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27 September 2008

Bagels, Budgeting and Bobby Redford

And so came the rain, although as the weather had been perfect until first thing this morning, I couldn't really complain, especially as I had planned to visit a couple of museums today. I decided to prevent future knee injuries by not going running this morning (long runs followed by a day of walking around pretty much constantly are not, I conclude, a good idea), instead nipping a few blocks up Broadway to Absolute Bagels, reputed to be in the running for the top bagel in the city, although it's a dingy little cafe, run by a very friendly Chinese family. I got a poppy bagel with jam and a coffee for grand total of $2.25--the coffee, naturally, tasted like shite but the bagel was really good. I also got a lesson in Upper West Side social mores from a regular, who was explaining to other patrons why they shouldn't give money or a bagel to the innocuous-looking homeless guy standing outside ("there are plenty of shelters for them to go to--shelters paid for by me, the tax payer--and I am a compassionate person; I was a social worker for 20 years and I know you just can't give them anything or it makes the problem worse").

My jeans were falling down without a belt (either it's my budget diet or the rain weighing down the trouser legs) and by the time I walked the 30 blocks to the American Museum of Natural History, my legs were soaked and my feet were killing, but I do like the AMNH. I've probably been about four or five times now, although on some of those visits, I only went to the space show. $18 admission for the museum and a space show was a little steep even though this was just the student rate but despite the fact that I have no penis and therefore don't have a secret goal of becoming the next Neil Armstrong, I sure do love planetariums and space shows. The AMNH always has high profile narrators--I've seen the ones narrated by Tom Hanks and Indiana Jones before and today it was the turn of Robert Redford. It was about "cosmic collisions" or some such but the topic is almost incidental for me--I just love sitting in that huge dome watching the images projected on the roof, while listening to the dulcet tones of the gravelly-voiced narrator du jour. Afterwards, I stopped by the hall of human evolution (they had a section on linguistics! And a special "recent news" exhibit on facial processing, although blatantly they picked the wrong group of researchers...).

Stop #2 on my bargainous food day was to the Au Bon Pain about two blocks from Lehman's--at least this time, I had tactfully switched my weighty tome from Wolfe to Pynchon--where I dined amid the unemployed and other bank workers on a very crispy bacon bagel for $2.29. This saving meant that I earned a trip to Grand Central to commuter watch and fantasise about maybe catching a train in or out of there one day (sadly, the destinations are as glamorous as Harlem, New Haven and upstate New York). My favourite NYC purveyor of coffee, Joe, has opened a concession in the terminal so I bought a delicious, artisanal coffee, which cost almost as much as breakfast and lunch combined and which I drank sitting on one of the grand staircases while I wondered whether Clive would show up this time. Sadly, I was stood up again.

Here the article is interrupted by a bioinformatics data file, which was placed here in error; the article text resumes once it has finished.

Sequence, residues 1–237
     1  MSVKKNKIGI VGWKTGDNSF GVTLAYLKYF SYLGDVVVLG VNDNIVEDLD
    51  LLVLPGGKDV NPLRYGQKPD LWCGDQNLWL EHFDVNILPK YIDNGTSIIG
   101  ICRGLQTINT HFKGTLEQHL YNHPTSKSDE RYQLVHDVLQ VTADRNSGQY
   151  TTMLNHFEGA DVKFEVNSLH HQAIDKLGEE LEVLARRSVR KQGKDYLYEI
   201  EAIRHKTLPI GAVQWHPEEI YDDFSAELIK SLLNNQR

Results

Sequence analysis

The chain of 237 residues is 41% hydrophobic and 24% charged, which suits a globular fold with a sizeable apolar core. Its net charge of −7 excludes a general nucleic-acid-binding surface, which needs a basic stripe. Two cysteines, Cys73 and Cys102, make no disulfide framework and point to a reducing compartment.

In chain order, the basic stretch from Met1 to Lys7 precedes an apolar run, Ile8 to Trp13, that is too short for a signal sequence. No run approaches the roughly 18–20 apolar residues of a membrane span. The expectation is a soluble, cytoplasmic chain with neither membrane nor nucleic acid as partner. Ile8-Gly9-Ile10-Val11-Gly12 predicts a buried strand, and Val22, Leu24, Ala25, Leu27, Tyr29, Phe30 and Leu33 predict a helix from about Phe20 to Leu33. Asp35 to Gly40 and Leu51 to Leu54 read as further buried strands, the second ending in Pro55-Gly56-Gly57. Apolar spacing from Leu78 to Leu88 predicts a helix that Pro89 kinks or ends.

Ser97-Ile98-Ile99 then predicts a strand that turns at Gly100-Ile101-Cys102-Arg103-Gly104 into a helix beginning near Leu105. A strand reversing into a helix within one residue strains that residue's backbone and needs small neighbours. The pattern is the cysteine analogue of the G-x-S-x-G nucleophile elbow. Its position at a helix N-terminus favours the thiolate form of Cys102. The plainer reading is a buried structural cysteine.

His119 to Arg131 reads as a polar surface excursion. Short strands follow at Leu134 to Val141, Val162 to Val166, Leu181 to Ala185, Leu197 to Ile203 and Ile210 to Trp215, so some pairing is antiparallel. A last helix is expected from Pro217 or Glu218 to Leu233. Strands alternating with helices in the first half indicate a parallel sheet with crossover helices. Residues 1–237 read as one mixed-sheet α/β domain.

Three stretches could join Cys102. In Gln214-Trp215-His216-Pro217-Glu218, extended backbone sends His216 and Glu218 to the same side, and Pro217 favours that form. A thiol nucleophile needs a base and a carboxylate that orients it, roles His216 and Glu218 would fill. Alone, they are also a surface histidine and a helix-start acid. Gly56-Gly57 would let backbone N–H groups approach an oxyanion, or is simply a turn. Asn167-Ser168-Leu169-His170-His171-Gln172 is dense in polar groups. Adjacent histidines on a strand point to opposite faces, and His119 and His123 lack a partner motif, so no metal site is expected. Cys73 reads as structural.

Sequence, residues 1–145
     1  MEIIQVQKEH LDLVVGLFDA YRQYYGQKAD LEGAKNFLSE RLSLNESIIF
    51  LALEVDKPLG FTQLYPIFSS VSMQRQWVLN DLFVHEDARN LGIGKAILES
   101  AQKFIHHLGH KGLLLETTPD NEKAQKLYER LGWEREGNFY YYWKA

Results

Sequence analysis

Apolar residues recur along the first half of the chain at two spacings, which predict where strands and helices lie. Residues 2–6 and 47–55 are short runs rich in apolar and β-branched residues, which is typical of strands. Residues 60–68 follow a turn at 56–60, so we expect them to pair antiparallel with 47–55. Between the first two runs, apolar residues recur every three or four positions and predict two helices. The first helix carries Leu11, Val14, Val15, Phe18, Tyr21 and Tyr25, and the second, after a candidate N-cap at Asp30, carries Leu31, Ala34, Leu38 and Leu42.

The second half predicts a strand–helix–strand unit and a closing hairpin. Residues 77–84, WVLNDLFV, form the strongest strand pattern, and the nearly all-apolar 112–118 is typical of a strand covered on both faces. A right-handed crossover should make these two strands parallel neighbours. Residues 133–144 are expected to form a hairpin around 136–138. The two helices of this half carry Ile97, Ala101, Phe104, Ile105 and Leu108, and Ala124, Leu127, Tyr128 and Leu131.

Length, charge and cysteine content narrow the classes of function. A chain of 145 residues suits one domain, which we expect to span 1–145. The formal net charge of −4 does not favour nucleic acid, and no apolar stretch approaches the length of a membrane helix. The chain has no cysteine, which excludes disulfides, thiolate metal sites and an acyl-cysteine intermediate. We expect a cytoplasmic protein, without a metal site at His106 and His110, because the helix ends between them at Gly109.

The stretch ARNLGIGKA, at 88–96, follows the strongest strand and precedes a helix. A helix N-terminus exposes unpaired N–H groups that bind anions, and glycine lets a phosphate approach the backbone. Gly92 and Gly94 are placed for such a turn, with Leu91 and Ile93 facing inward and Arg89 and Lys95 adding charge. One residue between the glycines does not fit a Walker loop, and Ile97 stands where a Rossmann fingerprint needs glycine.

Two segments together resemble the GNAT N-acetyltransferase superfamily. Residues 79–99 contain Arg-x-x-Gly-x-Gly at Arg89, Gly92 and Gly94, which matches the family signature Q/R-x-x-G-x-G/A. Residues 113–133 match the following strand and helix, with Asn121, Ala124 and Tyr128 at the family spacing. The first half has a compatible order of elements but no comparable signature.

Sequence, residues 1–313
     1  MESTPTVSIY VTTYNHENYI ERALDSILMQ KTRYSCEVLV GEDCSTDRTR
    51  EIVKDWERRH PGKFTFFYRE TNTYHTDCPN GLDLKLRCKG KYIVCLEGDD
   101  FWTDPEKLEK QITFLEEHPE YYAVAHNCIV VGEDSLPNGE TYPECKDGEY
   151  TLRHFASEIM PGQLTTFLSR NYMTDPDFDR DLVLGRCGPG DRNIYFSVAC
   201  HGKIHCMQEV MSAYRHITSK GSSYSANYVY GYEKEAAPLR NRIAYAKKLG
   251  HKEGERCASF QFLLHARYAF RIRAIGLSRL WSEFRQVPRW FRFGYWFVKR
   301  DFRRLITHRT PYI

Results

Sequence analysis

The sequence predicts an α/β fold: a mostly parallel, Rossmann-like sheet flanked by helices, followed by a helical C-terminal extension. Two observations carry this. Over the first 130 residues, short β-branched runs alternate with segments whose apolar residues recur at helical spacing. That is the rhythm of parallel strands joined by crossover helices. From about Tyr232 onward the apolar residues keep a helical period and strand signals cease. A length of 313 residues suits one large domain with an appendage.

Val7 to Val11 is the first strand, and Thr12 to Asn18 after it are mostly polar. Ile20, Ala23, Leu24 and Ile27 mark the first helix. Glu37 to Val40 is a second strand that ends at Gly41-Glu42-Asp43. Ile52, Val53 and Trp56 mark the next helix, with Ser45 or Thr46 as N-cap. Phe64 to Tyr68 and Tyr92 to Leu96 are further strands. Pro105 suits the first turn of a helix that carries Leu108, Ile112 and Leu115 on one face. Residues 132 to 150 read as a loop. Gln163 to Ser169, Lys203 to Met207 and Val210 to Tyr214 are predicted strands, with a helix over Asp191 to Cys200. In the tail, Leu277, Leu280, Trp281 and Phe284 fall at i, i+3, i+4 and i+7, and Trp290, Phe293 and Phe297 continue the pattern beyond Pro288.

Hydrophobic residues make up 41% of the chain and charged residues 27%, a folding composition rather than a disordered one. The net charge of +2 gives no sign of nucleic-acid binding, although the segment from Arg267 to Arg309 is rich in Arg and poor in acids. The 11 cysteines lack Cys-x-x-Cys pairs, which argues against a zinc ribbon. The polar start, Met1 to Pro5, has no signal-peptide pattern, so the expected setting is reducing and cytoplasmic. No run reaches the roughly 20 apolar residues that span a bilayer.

The Museum of Modern Art charges the extortionate sum of $20 to get in (it's not even a "suggested admission $15," like the AMNH, although their idea of "suggested" is the same as the now seemingly ubiquitous "optional 12.5% service charge included" in that you don't have to pay but if you even remotely British, you will never go to the hassle of not paying) but on Friday evenings, it's free for three hours, courtesy of Target. I arrived at 4.05, not entirely unsurprised to see that the queue for the free tickets already scaled two and a half sides of the whole block. Luckily, it moved fairly quickly and I was inside in 20 minutes. I had got talking to a girl called Caitlyn, who was visiting from Ottawa with her mother and sister. Unfortunately, I had to give her the slip as she proved to be quite the art buff and was about 30 seconds from realising that I hadn't a clue what I was talking about. I did a 90 minute frog march around the museum, glancing at most things--I'm not a big art fan, although there were definitely some cool things there including some maps of New York-themed utopias.


Incidentally, my holiday budgeting is somewhat entertaining; I'm being careful to spend the minimum amount possible on food and subway so that I can buy more clothes. After all, I will only be hungry for a week but I will wear the clothes for years--months, at least. Anyway, I'm still eating three meals and in places where the food either has a good rep or is very good value--plenty of bagels, custom salads and fruit; I'll catch up on my protein at some other point. The subway is a dumber economy to make, given that each ride costs $2 and my clothes usually cost way more than that. Ah, to be young and contradictory in NYC!


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